639 Miles. It'll actually, I think, be closer to 650. I went through my training schedule for the May 19th marathon and tallied up all the miles, and this is what it comes to. 639 miles in 16 weeks. It's actually closer to 18 weeks, I think, but whatever - it's a lot o' miles.
It's hardly an unmanageable amount - if I didn't have that number in front of me, it wouldn't occur to me 4 months from now that I'd run that many miles. And broken up into all those weeks, it's not nearly so impressive, I suppose - maintenance runs during the week, long runs on the weekend. Still, I like how enormous it seems. It looks insurmountable. I've found it to be a source of encouragement and inspiration as I've chipped 11.2 miles away from that in this first week of the new year, this first week of the '07 season, this first week of the Further Forging.
And that's something I've been thinking about a bit during my runs lately (when not being attacked by puppies, searching for lost pieces of technology, or lolling about in the snow with Jackson looking on...). What does it mean, now? What does an Ironman do when he's not doing Ironman? The sense of confusion (what the hell do I do now?) I experienced just after Ironman has been addressed, the emotions situating themselves into realities, plans, and ideas. And in that process was an acceptance that something I look for - a reason I'm a part of triathlon - is to face the sheer cliffs. I'll never just be a Sprinter. I'll not be content to just do a handful of Oly's, or aspire to constant P.R.'s. I thrive when I have something before me of magnitude. Something that seems outrageous. Ironman was outrageous. 639 Miles seems outrageous. 2 or 3 marathons in one season is, for me, outrageous. And that's what appeals to me, because I think that's where I learn most. When I have to work for months and months (or even years), and not just weeks, to acclimate this body and mind to the challenges and rigors required of something like an Ironman, that's when I learn patience. The value of reward (and the reward of value). The discipline it takes. The knowlege it requires. That's what I like about this game. It's just so big, and there's just so much to learn.
So, in the end, it has nothing to do with finishing times or personal records or whatever. In fact, among my goals (still being developed) this season is to P.R. in the marathon and the Half Ironman distance - but those goals are congruent to just doing the races the right way, my way, in the first place. It's really just about eyeing that peak, blue and hazy, a thousand miles away, and setting a course to reach it. To know it'll take a lot of time. That the terrain will be difficult and unpredictable. That nothing is guaranteed on the way, or when I get there, or once the peak is summited. That all I can do is my best, and only I have the power to define that. You have to see, as I've indicated before, these analogies to life. And so then, it's no great mystery at all.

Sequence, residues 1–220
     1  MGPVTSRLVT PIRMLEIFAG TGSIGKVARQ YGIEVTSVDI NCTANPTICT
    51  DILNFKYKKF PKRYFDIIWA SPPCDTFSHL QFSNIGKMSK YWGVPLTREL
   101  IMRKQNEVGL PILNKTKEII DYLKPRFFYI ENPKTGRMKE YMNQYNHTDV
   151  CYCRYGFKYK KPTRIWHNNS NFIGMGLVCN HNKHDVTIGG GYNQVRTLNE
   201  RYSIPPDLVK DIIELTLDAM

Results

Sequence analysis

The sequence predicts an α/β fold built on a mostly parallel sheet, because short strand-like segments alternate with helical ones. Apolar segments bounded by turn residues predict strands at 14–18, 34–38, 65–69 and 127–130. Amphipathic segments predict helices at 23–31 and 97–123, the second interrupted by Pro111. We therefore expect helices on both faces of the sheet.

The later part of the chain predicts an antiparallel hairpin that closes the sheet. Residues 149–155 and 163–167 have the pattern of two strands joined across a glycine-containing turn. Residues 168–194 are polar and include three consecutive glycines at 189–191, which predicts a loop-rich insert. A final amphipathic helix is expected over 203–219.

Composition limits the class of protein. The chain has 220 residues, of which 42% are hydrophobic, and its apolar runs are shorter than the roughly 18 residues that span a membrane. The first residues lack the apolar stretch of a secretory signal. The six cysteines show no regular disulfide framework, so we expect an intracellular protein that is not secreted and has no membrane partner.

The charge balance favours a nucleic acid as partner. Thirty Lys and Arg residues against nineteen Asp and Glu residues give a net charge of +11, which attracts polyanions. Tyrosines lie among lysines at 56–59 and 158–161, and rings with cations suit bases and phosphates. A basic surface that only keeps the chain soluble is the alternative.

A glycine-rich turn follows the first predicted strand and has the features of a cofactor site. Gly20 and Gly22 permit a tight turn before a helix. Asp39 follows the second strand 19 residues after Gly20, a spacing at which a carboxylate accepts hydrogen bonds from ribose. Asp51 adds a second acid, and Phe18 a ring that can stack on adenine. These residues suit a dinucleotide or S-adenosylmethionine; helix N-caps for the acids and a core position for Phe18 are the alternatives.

This, then, is what is meant by Forging Further. Both literally - moving ahead, pushing forward, one step in front of the other. But also the metaphor - what does an Ironman do when he's no longer Becoming? He engages in things Becoming of an Ironman, and in the doing is refined even more. I had thought, all those years and months of dreaming of and preparing to Become Ironman, that once successfully achieved, the satisfaction of it, the accomplishment of it, would leave me in a place more free of mysteries. And in some important ways, it did. But mostly - and this truly is a surprise - I feel within myself that it really was only the beginning. Those embers that stoked the fire, they are no cooler, and they are no less. This is, and will always be, my forge.
"You look different," she said as he kicked the snow from his heels and took off his thin gloves.
"Do I?" He replied, not really a question. He was smiling.
"Tsk," she clicked, getting up and wiping her hands on her apron as she walked into the other room. "You laugh at an old woman." She called, laughing from the other room, "I'm not so foolish as that, you know!"
"Certainly that's true," he called after her, then sat down as she returned with a tray of something steaming from a small pot. She set the tray down, poured some of the hot liquid into a cup, and delivered it to him. She eyed him carefully as he sipped, both his cold hands surrounding the mug. She pulled up the chair across from him, and they sat together quietly.
"Your machine?" She asked after several moments, leaning back in her chair, her left eyebrow cocked.
He lowered the mug to reply, "Waiting for me," then took another sip.
She considered this as another moment passed. "How long until you get there?"
He set his cup down and said, "To the machine? Another two months, probably. Maybe more."
She leaned forward and looked him in the eye then, and smiled curiously. "That's not what I meant."
He smiled himself, then gave her a wink. "I know."